ComebackTown is published by David Sher to begin a discussion on a more prosperous Birmingham.
Today’s guest blogger is William Barnes. If you’d like to be a guest blogger, please click here.
Birmingham Police Officer Wytasha Carter was gunned down last month.
“He lived for us, and he died for us, and I mean that.” Those were the final remarks during the funeral services of Sgt. Wytasha Carter by William White, one of the officer’s closest friends. Another life lost to our “magical streets.”
We do not have the option to remain silent and allow these unlawful crimes to be disregarded and swept under the rug of indifference. Now we should be more aggressive than ever.
Sgt. Carter deserved more from the City he promised to serve and protect. It is time to combine our efforts to end gun violence and open our hearts to creating a greater commonality amongst members of the community and law enforcement officials.
A city divided cannot stand.
Last month a 14-year-old girl was grazed by a bullet while stopped at a traffic light with her mother and two siblings. Carltez Clark, a 28-year-old single father of two’s life, was stolen while traveling home from work. An unidentified male opened fire on him and his girlfriend. He sought refuge and security with the Birmingham Police Department’s East Precinct.
It is still unclear as to whether the attacks were due to gang affiliations. Sgt. Johnny Williams released a statement asserting “based on the information that law enforcement agencies received, the time and proximity, investigators believe they are related.”
Unfortunately, it is becoming all too apparent that the relationship between the community and law enforcement has been altered and strained. It is affecting the way we live our day to day lives, the way we parent, and the way we teach our young people to take extra precaution when traveling outside the confines of home and school.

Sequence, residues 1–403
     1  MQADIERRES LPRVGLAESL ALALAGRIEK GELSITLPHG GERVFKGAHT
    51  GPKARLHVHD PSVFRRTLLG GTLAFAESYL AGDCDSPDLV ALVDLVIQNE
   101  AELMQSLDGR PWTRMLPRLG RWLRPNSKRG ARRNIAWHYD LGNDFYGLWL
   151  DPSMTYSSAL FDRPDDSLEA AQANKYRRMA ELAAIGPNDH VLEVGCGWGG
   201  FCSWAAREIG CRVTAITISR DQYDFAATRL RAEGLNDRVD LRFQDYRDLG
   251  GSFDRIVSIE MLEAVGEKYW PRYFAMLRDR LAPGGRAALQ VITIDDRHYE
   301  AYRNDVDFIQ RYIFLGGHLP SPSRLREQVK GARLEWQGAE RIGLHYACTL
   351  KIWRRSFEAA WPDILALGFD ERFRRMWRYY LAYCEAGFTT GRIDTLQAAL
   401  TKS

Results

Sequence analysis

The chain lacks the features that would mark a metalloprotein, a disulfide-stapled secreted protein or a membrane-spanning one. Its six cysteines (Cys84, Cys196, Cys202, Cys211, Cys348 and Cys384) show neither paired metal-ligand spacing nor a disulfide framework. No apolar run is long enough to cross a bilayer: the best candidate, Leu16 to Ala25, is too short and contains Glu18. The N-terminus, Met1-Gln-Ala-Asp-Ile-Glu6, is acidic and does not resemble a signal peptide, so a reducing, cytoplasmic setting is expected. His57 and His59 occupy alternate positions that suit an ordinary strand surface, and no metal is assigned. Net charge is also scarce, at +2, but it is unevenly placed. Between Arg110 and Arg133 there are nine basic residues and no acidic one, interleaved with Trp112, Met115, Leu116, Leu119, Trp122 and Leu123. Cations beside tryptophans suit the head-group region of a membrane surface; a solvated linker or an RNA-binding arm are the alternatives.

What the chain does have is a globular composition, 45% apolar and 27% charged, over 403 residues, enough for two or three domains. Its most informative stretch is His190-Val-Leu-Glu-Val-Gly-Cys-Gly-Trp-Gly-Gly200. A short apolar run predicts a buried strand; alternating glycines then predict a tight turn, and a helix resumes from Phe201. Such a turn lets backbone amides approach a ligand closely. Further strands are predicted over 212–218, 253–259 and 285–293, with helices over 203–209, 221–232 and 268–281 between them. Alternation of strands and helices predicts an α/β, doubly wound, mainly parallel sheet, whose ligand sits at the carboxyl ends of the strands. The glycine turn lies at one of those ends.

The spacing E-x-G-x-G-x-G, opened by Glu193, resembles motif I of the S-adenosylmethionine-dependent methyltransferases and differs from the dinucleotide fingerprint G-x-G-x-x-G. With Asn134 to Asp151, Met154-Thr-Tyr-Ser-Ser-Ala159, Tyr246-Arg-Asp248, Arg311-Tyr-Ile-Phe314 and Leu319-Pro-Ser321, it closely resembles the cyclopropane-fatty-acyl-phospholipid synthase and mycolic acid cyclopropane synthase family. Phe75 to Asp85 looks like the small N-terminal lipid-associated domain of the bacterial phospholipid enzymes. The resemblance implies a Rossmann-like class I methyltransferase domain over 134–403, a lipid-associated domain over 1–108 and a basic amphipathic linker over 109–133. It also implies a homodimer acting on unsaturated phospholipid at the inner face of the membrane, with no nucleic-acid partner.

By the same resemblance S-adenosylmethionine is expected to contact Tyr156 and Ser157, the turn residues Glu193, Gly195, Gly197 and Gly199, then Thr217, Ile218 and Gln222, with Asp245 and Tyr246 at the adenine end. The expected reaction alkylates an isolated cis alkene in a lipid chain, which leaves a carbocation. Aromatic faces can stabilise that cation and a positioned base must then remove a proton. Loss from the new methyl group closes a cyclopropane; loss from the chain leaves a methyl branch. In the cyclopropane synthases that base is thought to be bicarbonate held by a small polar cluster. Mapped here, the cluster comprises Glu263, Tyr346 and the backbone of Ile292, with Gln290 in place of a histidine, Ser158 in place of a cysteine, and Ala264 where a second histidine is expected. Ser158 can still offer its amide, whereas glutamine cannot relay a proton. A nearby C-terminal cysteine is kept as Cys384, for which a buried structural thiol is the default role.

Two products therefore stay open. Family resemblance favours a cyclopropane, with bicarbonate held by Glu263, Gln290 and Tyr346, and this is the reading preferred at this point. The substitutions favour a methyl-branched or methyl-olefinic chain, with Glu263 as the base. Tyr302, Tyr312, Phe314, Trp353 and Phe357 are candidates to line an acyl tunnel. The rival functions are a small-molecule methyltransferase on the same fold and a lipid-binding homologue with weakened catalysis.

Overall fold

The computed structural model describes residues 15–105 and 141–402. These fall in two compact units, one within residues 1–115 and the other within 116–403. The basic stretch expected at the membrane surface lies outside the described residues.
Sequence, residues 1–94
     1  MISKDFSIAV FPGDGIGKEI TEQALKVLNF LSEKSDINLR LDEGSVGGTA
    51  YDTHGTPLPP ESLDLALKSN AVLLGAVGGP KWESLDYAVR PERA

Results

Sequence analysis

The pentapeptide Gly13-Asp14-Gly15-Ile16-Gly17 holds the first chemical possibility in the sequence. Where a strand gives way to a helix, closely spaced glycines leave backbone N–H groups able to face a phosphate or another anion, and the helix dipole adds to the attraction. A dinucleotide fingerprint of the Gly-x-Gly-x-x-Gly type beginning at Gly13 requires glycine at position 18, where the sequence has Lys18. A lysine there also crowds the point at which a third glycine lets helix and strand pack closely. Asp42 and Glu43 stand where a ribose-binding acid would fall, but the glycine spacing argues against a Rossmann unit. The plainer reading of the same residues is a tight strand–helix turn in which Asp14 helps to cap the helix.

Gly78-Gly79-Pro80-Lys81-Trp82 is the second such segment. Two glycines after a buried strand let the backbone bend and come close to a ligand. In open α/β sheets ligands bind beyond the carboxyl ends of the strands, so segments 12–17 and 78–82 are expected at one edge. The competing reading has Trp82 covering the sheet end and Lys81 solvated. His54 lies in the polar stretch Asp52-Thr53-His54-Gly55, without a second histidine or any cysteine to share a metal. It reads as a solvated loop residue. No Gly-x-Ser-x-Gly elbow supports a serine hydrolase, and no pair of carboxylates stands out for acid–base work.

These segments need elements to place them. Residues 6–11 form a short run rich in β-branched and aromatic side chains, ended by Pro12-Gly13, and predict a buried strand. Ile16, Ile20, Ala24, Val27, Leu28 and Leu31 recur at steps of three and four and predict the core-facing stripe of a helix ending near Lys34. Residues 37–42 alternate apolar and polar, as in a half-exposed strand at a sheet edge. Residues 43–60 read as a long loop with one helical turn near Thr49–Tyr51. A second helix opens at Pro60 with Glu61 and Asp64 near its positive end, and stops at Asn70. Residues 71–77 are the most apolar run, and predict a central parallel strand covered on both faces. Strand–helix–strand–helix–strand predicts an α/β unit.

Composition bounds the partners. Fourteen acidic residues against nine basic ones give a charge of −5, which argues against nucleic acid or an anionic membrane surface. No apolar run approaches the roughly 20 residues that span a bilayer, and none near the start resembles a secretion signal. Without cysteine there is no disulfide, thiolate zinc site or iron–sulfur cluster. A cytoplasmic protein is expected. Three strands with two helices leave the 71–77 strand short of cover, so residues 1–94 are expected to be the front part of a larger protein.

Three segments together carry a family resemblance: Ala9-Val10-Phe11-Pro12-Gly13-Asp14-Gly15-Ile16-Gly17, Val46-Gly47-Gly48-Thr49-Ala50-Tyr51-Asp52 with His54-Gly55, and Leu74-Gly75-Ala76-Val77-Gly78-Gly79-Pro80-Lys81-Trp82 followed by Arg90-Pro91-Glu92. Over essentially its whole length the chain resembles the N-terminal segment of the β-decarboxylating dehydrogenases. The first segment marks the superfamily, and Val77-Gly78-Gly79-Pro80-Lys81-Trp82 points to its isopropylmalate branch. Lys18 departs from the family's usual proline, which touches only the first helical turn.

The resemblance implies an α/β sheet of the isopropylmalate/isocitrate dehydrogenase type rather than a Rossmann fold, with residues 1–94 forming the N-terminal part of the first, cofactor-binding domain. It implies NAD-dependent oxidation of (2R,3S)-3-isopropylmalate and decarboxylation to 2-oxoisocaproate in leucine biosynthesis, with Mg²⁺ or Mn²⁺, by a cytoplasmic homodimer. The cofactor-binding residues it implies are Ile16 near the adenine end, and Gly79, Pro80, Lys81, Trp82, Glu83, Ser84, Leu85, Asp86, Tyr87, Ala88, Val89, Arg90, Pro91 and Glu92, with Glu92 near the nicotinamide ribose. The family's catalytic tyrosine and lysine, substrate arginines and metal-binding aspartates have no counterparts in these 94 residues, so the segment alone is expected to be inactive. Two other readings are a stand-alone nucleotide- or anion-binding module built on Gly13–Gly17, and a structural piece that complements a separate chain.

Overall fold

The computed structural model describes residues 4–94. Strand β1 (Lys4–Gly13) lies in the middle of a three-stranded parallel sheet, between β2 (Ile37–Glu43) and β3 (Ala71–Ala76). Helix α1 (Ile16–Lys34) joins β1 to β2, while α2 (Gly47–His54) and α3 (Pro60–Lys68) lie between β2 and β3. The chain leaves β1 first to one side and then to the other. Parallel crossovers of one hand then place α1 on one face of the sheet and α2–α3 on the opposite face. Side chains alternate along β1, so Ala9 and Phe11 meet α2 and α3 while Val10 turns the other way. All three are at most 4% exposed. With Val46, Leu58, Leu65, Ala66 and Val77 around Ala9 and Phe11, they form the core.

How much more innocent blood must be shed before we rise to the challenge of combining our efforts as a united front against these transgressions?
Birmingham Mayor Randall Woodfin spoke during the emotionally charged Carter ceremony and declared, “As much love as he gave our young people, the thing that bothered him most as a Birmingham police officer was gun violence. He hated the role guns had come to play in our community.”
It is necessary to take a step back and re-evaluate our approach to addressing the heinous acts of senseless violence in our city.
As Birmingham prepares for the 2021 World Games, too many of its’ young residence are committing violent crimes and killing each other with reckless abandonment as if it’s a sport.
I submit that we must open the line of communication between citizens, community leaders, and law enforcement. We must be intentional and strategic in the methods we choose to utilize in mending the relationship between law enforcement and citizens. We must connect those who are at-risk with resources and those in positions of authority. We must provide safe spaces for discussions regarding issues directly influencing the lives of those affected by violent crime.
The Birmingham Police Force is not our adversary.
I am calling for the combined efforts of the suits and the streets to work simultaneously in reducing recidivism and access to guns. Perhaps by allowing the disenfranchised to voice their grievances to those who are in leadership we can help to build relationships and eradicate misunderstanding. We are all striving to create a better Birmingham by becoming better people, better co-workers, better teachers, better students, and better leaders.
Together we can charter a new beginning and a safer Birmingham.
It’s going to take the active and unrelenting cooperation of everyone.
We must carry out the legacy of Sgt. Carter.
It is our responsibility to respond to this crisis collectively.
Let’s join together to save our city, let’s save our children.
William Barnes is the President and CEO of the Birmingham Urban League, an affiliate of the National Urban League. The Urban League provides direct services in the areas of education, health care, housing, jobs, and justice.
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David Sher is Co-Founder of AmSher Compassionate Collections. He’s past Chairman of the Birmingham Regional Chamber of Commerce (BBA), Operation New Birmingham (REV Birmingham), and the City Action Partnership (CAP).
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